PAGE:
The Scope and and Methodology of Philosophy of Religion

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Philosophies-of-disciplines, while not a return to the ancient and medieval view that philosophy encompasses all knowledge, allow philosophy to “invade” other disciplines and discuss their foundational principles. The philosophy of science, for example, discusses such topics as the nature of theory change, the nature of scientific explanation, scientific realism vs. nonrealism, and the demarcation of science from nonscience, among others. Its complexity has grown amidst the recognition that scientific methodology differs from discipline to discipline, and the “unity of science” thesis seems dead for now.

A similar growth in complexity has affected contemporary philosophy of religion. The initial struggle in the establishment of philosophy of religion as a subdiscipline involved separating the field from Christian theology. To what degree should philosophy of religion be tied to a particular religion. After all, if it is the philosophy of religion, rather than the philosophy of the Christian religion, its scope would be broader than a philosophical examination of Christian belief and practice and broader than monotheistic faith in general. However, Western philosophy of religion is dominated by examination of monotheistic claims about the existence of God, the attributes of God, the problem of evil, and life after death. Take most undergraduate (and graduate) texts in the field in the United States and in the UK, such issues dominate the textbook. If someone wants to study the philosophy of East Asian religions, the student usually takes courses in a religious studies department.

Strangely enough, methodology seems to fit such divisions. For example, analytic (or Anglo-American) philosophy of religion focuses on monotheistic claims. This has been consistently the case since the 1955 publication of the anthology edited by Antony Flew and Alasdair MacIntyre, New Essays in Philosophical Theology. This anthology marked the rebirth of philosophy of religion in Anglo-American philosophy after its short sleep when logical positivism dominated analytic philosophy. The trend of focusing on traditional monotheistic claims continued in an influential anthology edited by Baruch Brody, Philosophy of Religion: An Analytic Approach (first edition 1974) and later anthologies and textbooks as well as most articles in the field. Following Alvin Plantinga’s lead, some analytic philosophers of religion used analytic methodology in the study of Christian theology; examples abound, including Plantinga, Richard Swinburne, and Eleonore Stump. Sometimes this approach is labeled “philosophical theology;” and sometimes it is classified as “philosophy of religion.” Neo-Thomists, from the analytic tradition, more traditional Thomistic positions and Transcendental Thomism, followed this focus as well. For those interested in a broader philosophy of religion, the later Wittgenstein offered them the opening of classifying religions in terms of language games. D. Z. Phillips held that religious language does not make truth claims about reality but functions in particular expressive ways within religious communities in guiding worship and practice. The process philosopher Rem Edwards used such a Wittgensteinian approach in his classification of religious beliefs and practices in his 1972 text, Philosophy of Religion.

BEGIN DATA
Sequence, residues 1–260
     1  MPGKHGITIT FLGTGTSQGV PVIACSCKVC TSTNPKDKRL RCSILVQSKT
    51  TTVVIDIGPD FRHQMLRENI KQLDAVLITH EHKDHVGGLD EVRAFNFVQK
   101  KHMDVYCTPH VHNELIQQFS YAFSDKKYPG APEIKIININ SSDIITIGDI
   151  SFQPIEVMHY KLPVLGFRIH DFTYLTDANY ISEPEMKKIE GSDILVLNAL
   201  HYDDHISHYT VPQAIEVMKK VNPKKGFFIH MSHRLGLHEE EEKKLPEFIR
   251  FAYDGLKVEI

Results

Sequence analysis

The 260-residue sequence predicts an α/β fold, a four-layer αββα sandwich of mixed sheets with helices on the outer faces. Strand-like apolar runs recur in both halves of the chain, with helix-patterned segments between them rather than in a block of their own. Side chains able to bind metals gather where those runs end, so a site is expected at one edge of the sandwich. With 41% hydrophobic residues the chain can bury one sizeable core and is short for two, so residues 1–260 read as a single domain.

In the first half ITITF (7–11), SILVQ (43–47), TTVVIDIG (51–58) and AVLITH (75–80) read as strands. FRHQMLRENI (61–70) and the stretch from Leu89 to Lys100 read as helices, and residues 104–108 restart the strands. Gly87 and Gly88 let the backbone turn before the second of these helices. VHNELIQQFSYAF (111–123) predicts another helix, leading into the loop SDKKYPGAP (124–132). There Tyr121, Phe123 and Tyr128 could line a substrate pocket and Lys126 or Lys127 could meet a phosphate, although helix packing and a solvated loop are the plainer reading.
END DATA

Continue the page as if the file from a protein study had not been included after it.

Continental philosophers of religion took a broader approach and generally did not limit their study of philosophy of religion to monotheistic traditions. Their use of the phenomenological approach to the study of religions allowed them to discover both similarities and differences between disparate world religions without dealing with religious truth claims. A good example is the widely used textbook by James C. Livingston, Anatomy of the Sacred, now in its sixth edition. Even though Livingston’s book uses phenomenology, a well-established philosophical methodology, it is generally classified as a book in religious studies and not as a book in the philosophy of religion.

Process philosophers who work in philosophy of religion are interested in religious truth claims and often focus on similarities between world religions. Recently prominent have been meetings between Christian process philosophers and Buddhist philosophers in order to foster interreligious dialogue.

In 2014 a book by the Eastern Orthodox philosophical theologian, David Bentley Hart, was published, entitled, The Experience of God: Being, Consciousness, Bliss. His own methodology could be called eclectic, and he finds similarities between Hindu and Christian conceptions of God, an interesting conclusion for a conservative Eastern Orthodox scholar. His book could be classified as Christian theology, philosophy of religion, or philosophical theology, given the fluidity of such terms in the West.